The first benefit for businesses that made equipment, asset and building improvements in 2015 is the Section 179 deduction. These businesses can now expense a combined $500,000 for production equipment (new or used), off-the-shelf software, and up to $250,000 in leasehold improvements. This deduction phases out dollar-for-dollar for equipment and improvements costing more than $2 million, and carries the stipulation that these upgrades need to have been “in service” by December 31st of the tax year. The example below demonstrates how beneficial this deduction could be for tax savings.

Assuming upgrades were “in service” in 2016, the following cost savings could be applied to a purchase of $500,000 in equipment:

   $500,000 in equipment
–  $175,000 assuming a 35% tax rate
= $325,000 true equipment cost

Bonus Depreciation
The next development to come from the PATH Act is bonus depreciation. Bonus depreciation is the provision that allows businesses to expense off a portion of an asset in the year it is added. This has proven to be very helpful for businesses with large amounts of qualifying equipment, as they are able to save large amounts of tax in the year of purchase. A gradual phasedown has been implemented. The bonus depreciation plan through 2019 breaks down as follows:

  • As of January 1, 2015 through December 31, 2017: 50%
  • As of January 1, 2018 through December 31, 2018: 40%
  • As of January 1, 2019 through December 31, 2019: 30%

These rates mean that production equipment and improvement purchases with less than 20 year lives will be able to be expensed at 50% of the asset price in the year of purchase through 2017, 40% in 2018, and 30% in 2019. While this section does carry certain stipulations around qualified assets, it is a great opportunity for companies to invest in necessary equipment for a significant amount of savings.

Qualified Leasehold Improvements
The final piece of the PATH to help businesses save on taxes comes via qualified leasehold improvements. Depreciation lives are reduced to 15 years, instead of the 39 year schedules normally applied. This means that after Section 179 and bonus depreciation deductions, a business will be able to accelerate remaining tax value of improvements over 15 years instead of 39 years. This rapidly reduces the timeframe in which a business can depreciate an asset and enjoy the tax benefits more quickly.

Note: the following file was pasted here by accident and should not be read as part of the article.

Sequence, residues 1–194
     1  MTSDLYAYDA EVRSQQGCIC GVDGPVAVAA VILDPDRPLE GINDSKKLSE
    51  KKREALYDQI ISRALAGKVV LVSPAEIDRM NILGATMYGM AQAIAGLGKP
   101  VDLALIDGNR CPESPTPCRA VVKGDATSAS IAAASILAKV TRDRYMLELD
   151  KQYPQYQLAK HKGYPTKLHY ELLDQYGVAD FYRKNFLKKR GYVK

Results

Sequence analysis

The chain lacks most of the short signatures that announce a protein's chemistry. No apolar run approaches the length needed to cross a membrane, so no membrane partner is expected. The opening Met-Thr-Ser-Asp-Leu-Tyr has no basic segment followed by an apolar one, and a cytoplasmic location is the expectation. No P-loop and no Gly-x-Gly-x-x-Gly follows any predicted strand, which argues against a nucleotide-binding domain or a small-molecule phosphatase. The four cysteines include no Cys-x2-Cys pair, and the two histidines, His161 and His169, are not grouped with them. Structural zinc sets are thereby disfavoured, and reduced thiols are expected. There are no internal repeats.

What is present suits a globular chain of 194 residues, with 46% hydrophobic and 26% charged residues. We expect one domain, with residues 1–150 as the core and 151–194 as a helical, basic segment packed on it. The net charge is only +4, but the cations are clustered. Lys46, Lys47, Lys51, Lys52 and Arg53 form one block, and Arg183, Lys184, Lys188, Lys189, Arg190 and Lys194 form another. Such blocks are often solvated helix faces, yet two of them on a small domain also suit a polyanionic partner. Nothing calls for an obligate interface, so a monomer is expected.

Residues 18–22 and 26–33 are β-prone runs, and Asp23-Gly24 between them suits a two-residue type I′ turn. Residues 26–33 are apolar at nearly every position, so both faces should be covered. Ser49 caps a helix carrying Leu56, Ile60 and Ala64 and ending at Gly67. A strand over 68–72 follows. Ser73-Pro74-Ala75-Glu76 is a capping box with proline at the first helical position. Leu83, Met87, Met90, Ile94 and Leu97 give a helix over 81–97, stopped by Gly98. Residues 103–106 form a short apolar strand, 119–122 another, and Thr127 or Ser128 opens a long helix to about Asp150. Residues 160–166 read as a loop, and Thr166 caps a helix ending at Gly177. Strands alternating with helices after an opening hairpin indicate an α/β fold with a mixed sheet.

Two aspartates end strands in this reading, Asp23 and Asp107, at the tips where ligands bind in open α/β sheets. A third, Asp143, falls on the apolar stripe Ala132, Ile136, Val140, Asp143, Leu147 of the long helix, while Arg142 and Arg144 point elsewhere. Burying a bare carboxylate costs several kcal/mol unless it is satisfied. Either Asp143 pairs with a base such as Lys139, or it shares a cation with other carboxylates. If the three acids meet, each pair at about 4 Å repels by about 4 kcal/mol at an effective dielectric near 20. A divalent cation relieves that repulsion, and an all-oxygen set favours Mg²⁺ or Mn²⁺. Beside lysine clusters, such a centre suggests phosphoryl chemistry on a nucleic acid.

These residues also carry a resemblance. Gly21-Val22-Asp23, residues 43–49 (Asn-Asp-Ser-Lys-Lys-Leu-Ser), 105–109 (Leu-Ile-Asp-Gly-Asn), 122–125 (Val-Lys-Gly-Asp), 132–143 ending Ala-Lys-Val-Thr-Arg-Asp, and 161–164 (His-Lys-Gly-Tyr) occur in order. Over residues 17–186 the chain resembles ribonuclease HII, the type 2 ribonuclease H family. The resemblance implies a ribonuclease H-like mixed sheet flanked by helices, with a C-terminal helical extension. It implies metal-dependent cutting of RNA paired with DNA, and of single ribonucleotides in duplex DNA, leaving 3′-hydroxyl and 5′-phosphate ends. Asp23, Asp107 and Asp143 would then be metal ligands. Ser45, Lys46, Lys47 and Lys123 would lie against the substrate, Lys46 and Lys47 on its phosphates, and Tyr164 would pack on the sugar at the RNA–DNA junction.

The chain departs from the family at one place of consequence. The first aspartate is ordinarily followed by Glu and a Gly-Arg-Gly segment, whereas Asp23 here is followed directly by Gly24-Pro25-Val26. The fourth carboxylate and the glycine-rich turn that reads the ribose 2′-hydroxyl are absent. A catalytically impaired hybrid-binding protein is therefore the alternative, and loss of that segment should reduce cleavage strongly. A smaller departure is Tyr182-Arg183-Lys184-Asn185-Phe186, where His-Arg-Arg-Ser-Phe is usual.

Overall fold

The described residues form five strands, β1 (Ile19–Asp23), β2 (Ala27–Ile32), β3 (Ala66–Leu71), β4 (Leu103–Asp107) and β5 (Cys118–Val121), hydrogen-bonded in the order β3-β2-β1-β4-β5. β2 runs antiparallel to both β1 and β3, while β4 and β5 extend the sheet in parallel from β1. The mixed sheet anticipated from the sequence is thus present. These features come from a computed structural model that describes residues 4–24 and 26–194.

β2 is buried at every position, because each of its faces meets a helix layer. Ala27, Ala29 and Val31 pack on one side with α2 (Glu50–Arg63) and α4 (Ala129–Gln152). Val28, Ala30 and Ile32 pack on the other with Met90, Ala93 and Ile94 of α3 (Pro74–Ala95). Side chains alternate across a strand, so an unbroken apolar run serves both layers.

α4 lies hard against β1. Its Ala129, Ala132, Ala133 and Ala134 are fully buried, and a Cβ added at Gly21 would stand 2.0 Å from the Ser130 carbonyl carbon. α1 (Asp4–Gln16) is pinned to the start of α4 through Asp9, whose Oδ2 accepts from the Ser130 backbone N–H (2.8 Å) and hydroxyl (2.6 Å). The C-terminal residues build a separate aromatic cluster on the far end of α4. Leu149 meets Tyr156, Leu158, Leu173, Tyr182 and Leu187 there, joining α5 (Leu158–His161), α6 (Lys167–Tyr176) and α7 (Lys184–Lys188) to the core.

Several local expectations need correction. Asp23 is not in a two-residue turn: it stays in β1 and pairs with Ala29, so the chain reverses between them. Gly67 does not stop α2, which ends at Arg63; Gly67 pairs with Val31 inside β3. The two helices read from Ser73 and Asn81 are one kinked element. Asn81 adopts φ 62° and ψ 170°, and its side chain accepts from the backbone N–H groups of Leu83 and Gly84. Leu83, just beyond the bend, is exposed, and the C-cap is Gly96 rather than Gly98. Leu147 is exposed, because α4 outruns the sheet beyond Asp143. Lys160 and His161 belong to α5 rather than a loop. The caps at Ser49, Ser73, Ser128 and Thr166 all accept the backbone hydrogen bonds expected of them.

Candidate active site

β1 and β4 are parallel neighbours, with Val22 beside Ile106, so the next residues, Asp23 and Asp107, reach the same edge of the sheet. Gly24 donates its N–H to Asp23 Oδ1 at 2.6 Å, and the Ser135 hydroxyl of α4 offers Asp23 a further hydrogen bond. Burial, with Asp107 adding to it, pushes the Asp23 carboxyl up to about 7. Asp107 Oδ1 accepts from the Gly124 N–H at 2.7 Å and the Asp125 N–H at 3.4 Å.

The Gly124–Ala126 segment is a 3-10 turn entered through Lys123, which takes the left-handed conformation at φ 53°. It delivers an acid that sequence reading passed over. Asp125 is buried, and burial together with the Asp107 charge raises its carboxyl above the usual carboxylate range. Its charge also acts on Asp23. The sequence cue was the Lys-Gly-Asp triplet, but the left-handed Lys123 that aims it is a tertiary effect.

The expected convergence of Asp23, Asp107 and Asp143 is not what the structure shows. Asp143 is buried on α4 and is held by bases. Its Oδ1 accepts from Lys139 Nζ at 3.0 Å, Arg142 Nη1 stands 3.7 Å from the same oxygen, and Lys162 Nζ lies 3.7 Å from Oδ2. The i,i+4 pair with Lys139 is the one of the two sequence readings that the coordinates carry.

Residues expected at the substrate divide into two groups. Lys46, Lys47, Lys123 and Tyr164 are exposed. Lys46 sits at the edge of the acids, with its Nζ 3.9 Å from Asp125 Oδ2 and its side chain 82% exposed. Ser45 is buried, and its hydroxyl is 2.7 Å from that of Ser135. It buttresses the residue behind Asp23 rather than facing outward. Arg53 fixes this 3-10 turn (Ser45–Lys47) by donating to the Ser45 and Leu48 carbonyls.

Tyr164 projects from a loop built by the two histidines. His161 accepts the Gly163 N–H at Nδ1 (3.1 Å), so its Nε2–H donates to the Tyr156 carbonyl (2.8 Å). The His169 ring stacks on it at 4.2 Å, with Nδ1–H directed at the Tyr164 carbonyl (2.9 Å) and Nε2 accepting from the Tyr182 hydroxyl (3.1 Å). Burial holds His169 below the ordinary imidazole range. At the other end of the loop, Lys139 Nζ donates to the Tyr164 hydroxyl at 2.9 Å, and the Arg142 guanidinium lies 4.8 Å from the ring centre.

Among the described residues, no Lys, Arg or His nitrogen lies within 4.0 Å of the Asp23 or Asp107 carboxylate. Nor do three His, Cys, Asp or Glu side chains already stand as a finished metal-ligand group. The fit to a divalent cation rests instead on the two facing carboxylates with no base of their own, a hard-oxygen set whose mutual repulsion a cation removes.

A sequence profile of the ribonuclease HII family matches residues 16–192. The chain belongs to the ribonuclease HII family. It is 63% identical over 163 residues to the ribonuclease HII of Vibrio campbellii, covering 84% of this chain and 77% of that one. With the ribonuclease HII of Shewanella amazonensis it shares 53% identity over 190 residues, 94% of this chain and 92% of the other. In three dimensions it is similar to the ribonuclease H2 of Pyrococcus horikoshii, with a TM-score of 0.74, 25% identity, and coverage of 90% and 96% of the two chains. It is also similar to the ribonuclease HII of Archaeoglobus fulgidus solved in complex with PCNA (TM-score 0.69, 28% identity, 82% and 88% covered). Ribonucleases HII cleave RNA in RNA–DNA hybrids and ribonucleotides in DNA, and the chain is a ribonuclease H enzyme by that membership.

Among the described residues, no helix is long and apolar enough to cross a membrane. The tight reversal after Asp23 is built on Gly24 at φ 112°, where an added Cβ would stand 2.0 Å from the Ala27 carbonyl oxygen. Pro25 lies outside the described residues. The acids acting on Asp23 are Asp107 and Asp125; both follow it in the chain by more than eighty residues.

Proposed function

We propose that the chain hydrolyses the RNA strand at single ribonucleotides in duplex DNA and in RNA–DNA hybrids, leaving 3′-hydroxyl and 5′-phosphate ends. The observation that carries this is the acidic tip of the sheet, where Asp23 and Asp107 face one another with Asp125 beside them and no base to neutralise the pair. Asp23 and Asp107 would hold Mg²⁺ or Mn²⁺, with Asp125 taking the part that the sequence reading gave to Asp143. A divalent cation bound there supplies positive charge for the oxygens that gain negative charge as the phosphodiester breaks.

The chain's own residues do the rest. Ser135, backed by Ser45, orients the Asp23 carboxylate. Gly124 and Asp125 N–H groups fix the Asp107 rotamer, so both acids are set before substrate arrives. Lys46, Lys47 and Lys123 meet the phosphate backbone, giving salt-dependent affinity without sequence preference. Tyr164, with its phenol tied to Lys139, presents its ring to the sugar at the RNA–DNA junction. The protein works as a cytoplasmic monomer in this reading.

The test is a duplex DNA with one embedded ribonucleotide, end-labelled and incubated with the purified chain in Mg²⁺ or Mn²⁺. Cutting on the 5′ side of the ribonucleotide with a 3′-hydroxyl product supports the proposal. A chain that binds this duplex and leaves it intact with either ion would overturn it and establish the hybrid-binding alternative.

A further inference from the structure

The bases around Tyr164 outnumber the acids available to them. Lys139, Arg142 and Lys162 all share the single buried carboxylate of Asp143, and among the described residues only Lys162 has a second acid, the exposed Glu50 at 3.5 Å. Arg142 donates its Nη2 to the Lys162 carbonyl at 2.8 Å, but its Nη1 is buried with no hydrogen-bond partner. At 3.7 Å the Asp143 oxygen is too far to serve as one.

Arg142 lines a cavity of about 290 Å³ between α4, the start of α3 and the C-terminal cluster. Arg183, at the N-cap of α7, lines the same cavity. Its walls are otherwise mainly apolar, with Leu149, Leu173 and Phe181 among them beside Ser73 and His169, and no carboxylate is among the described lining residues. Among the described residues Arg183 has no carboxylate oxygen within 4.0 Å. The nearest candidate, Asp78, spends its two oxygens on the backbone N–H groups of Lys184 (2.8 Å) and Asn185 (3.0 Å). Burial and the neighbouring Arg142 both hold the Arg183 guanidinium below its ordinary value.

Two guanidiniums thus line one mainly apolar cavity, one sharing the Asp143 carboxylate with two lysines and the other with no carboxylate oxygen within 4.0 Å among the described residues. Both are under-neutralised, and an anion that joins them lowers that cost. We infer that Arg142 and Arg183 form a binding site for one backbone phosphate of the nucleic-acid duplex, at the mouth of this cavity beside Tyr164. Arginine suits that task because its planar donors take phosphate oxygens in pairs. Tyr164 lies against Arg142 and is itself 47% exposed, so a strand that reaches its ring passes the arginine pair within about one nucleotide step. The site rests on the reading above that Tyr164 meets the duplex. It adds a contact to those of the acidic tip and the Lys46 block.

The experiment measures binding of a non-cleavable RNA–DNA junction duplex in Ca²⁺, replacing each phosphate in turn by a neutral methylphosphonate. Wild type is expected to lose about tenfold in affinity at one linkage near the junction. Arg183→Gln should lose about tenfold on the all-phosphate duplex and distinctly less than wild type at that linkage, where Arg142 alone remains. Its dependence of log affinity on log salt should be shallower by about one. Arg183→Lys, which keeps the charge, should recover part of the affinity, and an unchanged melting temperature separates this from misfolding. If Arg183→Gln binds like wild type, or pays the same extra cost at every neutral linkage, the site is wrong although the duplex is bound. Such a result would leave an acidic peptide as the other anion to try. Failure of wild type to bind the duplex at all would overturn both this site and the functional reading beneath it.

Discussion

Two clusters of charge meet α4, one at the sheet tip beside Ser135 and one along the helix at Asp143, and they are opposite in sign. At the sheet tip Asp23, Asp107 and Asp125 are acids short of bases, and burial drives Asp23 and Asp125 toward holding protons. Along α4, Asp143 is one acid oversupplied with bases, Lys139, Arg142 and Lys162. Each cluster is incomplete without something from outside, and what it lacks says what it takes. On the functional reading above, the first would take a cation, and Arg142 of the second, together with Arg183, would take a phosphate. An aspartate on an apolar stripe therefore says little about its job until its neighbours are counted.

Brad Bayless Authors Article on Creative Business Financing

Three things you never thought you could finance
Creative business financing
Brad Bayless

Most businesses require equipment to operate, grow and stay competitive. Financing office equipment, technology and other improvements is an important but often challenging part of the business lifecycle.

More than 60 percent or $903 billion in equipment and software is financed in the U.S. through loans, leases and lines of credit with equipment finance companies providing access to capital. Leases typically cover office equipment, manufacturing equipment and computers, but there are a variety of undiscovered items that businesses can also finance to help improve cash flow, preserving working capital and increase productivity and operations. Here are three items worth considering.